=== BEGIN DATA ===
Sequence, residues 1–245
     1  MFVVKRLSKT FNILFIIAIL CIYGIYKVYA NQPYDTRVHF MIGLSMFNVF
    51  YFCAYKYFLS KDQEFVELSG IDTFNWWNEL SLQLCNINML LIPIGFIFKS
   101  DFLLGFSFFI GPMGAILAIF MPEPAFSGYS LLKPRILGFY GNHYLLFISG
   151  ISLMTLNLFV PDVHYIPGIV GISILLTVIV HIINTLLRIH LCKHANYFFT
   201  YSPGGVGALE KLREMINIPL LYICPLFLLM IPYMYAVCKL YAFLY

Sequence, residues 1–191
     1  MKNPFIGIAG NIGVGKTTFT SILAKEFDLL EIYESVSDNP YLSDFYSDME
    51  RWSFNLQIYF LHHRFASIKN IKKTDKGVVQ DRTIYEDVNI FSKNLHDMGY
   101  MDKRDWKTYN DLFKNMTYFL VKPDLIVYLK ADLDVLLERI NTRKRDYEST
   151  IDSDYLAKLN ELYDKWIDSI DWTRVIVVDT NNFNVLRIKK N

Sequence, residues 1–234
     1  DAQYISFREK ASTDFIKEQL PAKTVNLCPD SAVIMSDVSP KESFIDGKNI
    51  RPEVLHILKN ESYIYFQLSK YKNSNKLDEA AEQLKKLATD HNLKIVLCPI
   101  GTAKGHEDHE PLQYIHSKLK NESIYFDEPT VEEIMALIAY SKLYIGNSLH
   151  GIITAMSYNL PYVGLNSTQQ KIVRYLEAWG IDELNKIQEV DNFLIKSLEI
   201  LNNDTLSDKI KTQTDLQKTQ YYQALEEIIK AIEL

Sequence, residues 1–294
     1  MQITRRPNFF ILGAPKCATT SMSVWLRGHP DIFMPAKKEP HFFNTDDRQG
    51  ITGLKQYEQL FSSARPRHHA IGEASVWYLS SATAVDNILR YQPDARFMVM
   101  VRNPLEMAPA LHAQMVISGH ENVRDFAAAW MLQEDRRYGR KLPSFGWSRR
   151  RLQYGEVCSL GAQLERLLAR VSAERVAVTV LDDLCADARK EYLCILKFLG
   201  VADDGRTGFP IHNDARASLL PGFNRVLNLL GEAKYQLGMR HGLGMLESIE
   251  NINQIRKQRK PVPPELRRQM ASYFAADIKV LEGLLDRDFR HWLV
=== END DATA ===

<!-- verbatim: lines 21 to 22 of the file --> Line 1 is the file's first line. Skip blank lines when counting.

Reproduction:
   101  VRNPLEMAPA LHAQMVISGH ENVRDFAAAW MLQEDRRYGR KLPSFGWSRR
   151  RLQYGEVCSL GAQLERLLAR VSAERVAVTV LDDLCADARK EYLCILKFLG